Hey there, it’s Casey Denman here with TaxSaleAcademy.com. Thanks so much for joining me for your weekly tax sale tip. If you are interested in learning about tax defaulted real estate, be sure to subscribe to our channel so you don’t miss out on future tax sale training videos.
Today I wan to talk about tax sale evictions. This is something that a lot of people stress out over. And truthfully, it’s something that should be concerning. Most people have two concerns. First, you’ll feel bad for kicking someone out of the house they live in. And I get that. The second one is that the person you kick out will come after you or will torch the house. And I get that one too.
I’ve dealt with plenty of occupants and yes, I’ve even had houses burned down before. But the idea of forcing someone out of the house they’re occupying is a bridge I don’t care to cross too often. It’s just not a fun situation to be in.
There are a few ways to approach this so it’s as easy as possible for you.
The first way is to avoid the situation entirely by skipping the occupied properties. If someone is living there just don’t buy the property. Drive by the property a few times at night and see ifyou see lights, vehicles, that kind of that. If you can’t drive by because you’re not local, pay someone who is local to do it for it. As tax sale investors, we choose the properties we want to invest in. Occupied properties can certainly bring it’s own set of challenges. If you’re not prepared to tackle that challenge, then simply skip the property. It’s that easy and is something I recommend for many people.
The second approach is the one I recommend and that’s to be fair and well, offer them cash in a cash for keys type arrangement. This will require you to communicate with them. Talk to them and explain the situation. I’ll always refer to myself as the middle man who just works for the company, even though I’m also the owner of the company. Let them know that you need them to vacat the property, but you understand that it could be a stressful or challenging time for them and you’re prepared to help them start the next chapter of their life by giving them some money IF and that’s the most important part, IF, they can be out within a set time period. Now, the amount of cash to offer and the amount of time to offer them will be situation dependent. It’ll also be up for you to decide. The entire idea, however, is to get them out of the house peacefully.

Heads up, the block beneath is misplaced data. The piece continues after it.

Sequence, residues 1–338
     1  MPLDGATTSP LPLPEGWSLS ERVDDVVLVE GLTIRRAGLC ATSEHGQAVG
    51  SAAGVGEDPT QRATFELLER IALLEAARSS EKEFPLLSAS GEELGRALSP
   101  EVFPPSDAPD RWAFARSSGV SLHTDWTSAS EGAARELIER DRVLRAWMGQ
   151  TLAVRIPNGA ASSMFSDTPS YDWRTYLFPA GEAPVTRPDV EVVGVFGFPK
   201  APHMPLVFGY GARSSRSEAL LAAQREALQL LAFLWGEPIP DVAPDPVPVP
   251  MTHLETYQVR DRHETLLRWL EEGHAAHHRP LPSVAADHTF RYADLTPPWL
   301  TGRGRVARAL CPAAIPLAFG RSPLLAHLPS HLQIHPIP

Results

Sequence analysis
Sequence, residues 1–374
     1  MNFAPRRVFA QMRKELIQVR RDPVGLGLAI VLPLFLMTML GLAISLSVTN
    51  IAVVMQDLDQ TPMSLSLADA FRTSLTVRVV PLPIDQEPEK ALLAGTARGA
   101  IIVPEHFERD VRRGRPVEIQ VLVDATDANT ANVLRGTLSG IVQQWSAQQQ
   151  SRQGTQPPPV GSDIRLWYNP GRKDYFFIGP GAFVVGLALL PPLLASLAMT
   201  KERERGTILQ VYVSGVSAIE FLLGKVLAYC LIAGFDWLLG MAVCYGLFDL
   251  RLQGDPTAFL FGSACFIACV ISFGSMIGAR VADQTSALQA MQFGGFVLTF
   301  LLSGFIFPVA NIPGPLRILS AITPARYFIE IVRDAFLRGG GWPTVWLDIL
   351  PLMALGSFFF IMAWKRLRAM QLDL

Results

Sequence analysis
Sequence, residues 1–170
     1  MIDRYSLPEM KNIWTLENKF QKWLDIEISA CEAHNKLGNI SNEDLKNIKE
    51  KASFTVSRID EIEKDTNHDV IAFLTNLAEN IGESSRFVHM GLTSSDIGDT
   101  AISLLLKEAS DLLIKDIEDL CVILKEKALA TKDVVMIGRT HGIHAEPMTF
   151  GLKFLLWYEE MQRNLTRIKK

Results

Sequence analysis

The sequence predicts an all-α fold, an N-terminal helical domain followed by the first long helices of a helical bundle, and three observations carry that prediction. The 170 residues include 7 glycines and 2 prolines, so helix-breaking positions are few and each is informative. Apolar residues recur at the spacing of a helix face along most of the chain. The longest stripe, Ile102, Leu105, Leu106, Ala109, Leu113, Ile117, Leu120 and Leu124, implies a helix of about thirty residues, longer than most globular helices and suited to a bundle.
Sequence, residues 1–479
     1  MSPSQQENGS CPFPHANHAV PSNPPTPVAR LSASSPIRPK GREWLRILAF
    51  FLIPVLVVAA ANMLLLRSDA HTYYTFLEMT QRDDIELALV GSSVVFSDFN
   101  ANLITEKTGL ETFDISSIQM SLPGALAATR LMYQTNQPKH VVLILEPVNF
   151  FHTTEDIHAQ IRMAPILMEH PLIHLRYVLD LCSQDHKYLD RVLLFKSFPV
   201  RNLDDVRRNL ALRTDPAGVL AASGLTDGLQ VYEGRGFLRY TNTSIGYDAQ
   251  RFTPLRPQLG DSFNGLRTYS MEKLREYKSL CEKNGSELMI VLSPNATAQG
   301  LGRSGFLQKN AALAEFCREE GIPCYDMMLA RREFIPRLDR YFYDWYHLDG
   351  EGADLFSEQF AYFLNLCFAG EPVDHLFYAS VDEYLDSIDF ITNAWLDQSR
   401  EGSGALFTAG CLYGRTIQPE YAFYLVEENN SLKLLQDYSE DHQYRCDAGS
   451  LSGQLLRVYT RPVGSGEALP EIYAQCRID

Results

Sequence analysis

The last main approach is to evict them through the court system. What might happen a lot of time is the occupants will avoid you entirely. And you won’t have an opportunity to work with them. And then you’ll go through the eviction process and a notice to vacate the premises will be posted by local law enforcement. If you make a strong effort initially to work with them, knock on the door, even mail a letter or two, by the time the receive the notice to vacate, they’ll probably be searching for those letters to work with you. This would be their last chance to get some cash or be removed. Of course there are very vindictive people in this world that will still destroy the property, but their choice then becomes destroying the property and being forced out by law enforcement OR they can get some easy cash and leave. What I’ll typically do in this type of situation is schedule a meeting with the owner on the day they’re supposed to leave, I’ll meet them at the house, speak with them and give them cash. It’ll be a quick 10-15 minute meeting where I wish them well. BUT, I’ll still have law enforcement schedule to come out about 30 minutes after my meeting with the former occupant. That way if there are any issues with the occupants or anything that’s left behind, it’s taken care of for me. I’ve seen drugs, paraphernalia, and even animals left behind before.
And when it comes to evictions, obviously check your local laws to make sure you know the process inside and out because some states are very friendly to occupants.
Other approaches to dealing with the occupants do exist of course, you could try to work out some sort of rent with them or resell the house, but that’s certainly quite a risk on your part.
As you can see, there are plenty of ways to deals with occupants IF you decide you want to buy an occupied home in the first place that is.
Just always remember that being nice and understanding of other’s situation, while still holding your ground some of course, will go much farther than a bull in a chinashop approach.
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Take care and make it a successful day. See ya!